Loren on the Art of MATLAB

Turn ideas into MATLAB


Loren on the Art of MATLAB has been archived and will not be updated.

Indexing with Curly Braces

I have talked about indexing a bunch of times in the past, including my last post. Recently I have visited quite a few customers who still get tripped up a bit sometimes. So I thought I'd try again.


Cell Arrays

What are cell arrays? In MATLAB, they are variables that hold, in each "cell", other MATLAB variables. And they are "regular". By that, I mean that they have a uniform layout, equal numbers of elements in each row, each column, each page, etc. as you march along the dimensions. How do you get information into them, and out from them?

Where People Trip

One of the common places I see people trip is accessing information from cell arrays.

How to Extract Contents from a Cell

There are lots of ways to get information into a cell array, but the most widely used, I suspect, is via {} (curly braces).

myCell = {'Loren', 17, 'summer', 'travel', magic(5), true}
myCell = 
    'Loren'    [17]    'summer'    'travel'    [5x5 double]    [1]

You might remember from my previous post that if I index into the cell array using smooth parentheses, I extract the selected portion of the origin array.

So how do I extract the contents? You extract contents from a cell using curly brace indexing.

firstCell = myCell{1}
secondCell = myCell{2}
firstCell =
secondCell =

What If I Want the Contents from Multiple Cells?

In that case, the cells that I want need to be capable of concatenation in MATLAB, unless I extract them each separately. Anything else is likely to cause an error (hedging my language here since I have not thought exhaustively about this wording).

myCell2 = {17, 45, 33, 78; 10 20 30 40}
myCell2small = myCell2([1 2],1:3) % a cell array as well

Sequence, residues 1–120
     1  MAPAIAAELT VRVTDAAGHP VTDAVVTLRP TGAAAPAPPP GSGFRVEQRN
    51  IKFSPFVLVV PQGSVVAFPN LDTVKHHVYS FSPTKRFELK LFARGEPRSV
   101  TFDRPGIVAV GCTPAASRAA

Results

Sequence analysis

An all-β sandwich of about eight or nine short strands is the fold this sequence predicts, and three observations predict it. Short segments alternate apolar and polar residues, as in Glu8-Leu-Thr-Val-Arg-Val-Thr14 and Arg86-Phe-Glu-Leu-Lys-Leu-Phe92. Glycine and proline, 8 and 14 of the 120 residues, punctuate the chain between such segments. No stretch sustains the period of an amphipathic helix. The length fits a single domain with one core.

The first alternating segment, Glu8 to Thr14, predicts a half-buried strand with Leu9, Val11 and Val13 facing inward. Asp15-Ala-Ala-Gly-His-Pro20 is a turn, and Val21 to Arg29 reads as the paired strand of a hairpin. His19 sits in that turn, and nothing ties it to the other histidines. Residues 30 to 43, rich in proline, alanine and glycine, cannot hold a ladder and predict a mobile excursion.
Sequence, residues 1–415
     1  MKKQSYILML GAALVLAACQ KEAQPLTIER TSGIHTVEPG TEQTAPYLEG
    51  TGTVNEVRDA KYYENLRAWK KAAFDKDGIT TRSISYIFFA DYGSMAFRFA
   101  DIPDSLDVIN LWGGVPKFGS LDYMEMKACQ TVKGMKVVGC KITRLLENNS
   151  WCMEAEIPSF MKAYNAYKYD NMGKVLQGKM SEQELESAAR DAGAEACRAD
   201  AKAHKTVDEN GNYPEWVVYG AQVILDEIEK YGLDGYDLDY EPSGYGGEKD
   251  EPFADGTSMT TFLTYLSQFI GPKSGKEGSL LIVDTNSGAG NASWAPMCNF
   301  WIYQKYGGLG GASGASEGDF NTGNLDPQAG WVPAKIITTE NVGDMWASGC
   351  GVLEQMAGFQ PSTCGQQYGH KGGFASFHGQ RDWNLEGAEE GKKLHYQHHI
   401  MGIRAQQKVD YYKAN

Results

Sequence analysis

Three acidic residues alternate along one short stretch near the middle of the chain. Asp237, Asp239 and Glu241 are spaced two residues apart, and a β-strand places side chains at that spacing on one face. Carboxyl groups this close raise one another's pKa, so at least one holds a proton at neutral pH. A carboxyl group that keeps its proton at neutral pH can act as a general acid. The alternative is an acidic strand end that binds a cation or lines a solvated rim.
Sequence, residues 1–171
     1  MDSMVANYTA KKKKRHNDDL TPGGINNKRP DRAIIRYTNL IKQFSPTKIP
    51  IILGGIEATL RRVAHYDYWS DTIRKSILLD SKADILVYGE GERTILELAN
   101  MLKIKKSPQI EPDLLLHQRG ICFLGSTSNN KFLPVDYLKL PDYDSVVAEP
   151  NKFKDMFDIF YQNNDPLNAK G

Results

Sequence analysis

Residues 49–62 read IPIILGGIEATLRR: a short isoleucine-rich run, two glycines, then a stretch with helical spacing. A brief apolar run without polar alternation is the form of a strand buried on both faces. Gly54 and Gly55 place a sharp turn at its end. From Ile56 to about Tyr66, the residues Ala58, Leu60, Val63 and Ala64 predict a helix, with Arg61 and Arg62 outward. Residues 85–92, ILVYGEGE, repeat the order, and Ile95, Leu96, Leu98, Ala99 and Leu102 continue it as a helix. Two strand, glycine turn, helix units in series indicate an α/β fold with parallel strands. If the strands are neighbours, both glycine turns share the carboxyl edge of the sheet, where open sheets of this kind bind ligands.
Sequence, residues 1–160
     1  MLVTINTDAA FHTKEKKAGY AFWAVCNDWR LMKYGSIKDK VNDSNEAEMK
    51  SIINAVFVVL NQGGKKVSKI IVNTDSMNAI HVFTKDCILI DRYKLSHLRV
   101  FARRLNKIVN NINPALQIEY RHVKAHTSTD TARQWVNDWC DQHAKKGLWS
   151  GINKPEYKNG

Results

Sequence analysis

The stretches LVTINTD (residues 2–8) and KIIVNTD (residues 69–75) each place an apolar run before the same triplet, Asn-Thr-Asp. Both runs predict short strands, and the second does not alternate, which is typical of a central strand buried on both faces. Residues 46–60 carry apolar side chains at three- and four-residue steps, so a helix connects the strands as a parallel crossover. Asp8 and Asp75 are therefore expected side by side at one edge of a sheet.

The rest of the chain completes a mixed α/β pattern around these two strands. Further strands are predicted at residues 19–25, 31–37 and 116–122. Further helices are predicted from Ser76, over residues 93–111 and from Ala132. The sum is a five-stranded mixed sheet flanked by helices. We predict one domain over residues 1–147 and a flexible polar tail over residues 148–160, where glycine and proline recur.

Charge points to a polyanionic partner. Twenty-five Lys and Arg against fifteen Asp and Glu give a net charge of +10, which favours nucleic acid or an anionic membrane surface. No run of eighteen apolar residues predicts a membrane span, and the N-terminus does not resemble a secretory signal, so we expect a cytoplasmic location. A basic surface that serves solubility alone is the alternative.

contentsAsOneArray = [myCell2{[1 2], 3}]
myCell2 = 
    [17]    [45]    [33]    [78]
    [10]    [20]    [30]    [40]
myCell2small = 
    [17]    [45]    [33]
    [10]    [20]    [30]
contentsAsOneArray =
    33    30

To see what I mean about capable of being concatenated, check this out.

    myCell3 = [myCell{[1,6]}]
catch myError
The following error occurred converting from logical to char:
Conversion to char from logical is not possible.

Since it is not possible to concatenate logical and character arrays, we can't extract the 2 elements into one element of a new variable.

But I can collect compatible items, as long as their dimensions are consistent. So I can't combine cells 2 and 5 from myCell.

    myCell4 = [myCell{[2,5]}]
catch myError
Dimensions of matrices being concatenated are not consistent.

But I can combine the strings from cells 1 and 3 since they are both row vectors of characters.

myCell5 = [myCell{[1,3]}]
myCell5 =


You can do very similar things with tables in terms of indexing as you can with cell arrays. As I did last time, I'm going to load in data from a MAT-file, into a struct rather than into separate variables.

Structpatient = load('patients.mat');

Next convert it to a table.

Tpatient = struct2table(Structpatient);

And let's create a smaller table from this so we can see the details more easily without being overwhelmed.

Tmine = Tpatient(1:5, [1 2 5 6 8 end])
Tmine = 
     Gender      LastName     Smoker    Systolic    Height    SelfAssessedHealthStatus
    ________    __________    ______    ________    ______    ________________________
    'Male'      'Smith'       true      124         71        'Excellent'             
    'Male'      'Johnson'     false     109         69        'Fair'                  
    'Female'    'Williams'    false     125         64        'Good'                  
    'Female'    'Jones'       false     117         67        'Fair'                  
    'Female'    'Brown'       false     122         64        'Good'                  

Extra the Data Compatible with Numbers

To get the data out from columns 3 through 5, I index in a similar way to extracting cell array information.

myNumValues = Tmine{:,3:5}
myNumValues =
     1   124    71
     0   109    69
     0   125    64
     0   117    67
     0   122    64

One of the many nice properties of using tables is that the data you extract from them is not "flattened" into a row vector as it is when you do from a cell array. Compare the previous statement to this one for the cell array myCell2.

myNumValuesFrommyCell2 = [myCell2{:,:}]
myNumValuesFrommyCell2 =
    17    10    45    20    33    30    78    40

Follow Up

I hope you find this helpful. Please see some of the earlier posts on indexing to understand more about cell arrays and comma-separated lists. You can let me know here.

Published with MATLAB® R2016a

  • print


To leave a comment, please click here to sign in to your MathWorks Account or create a new one.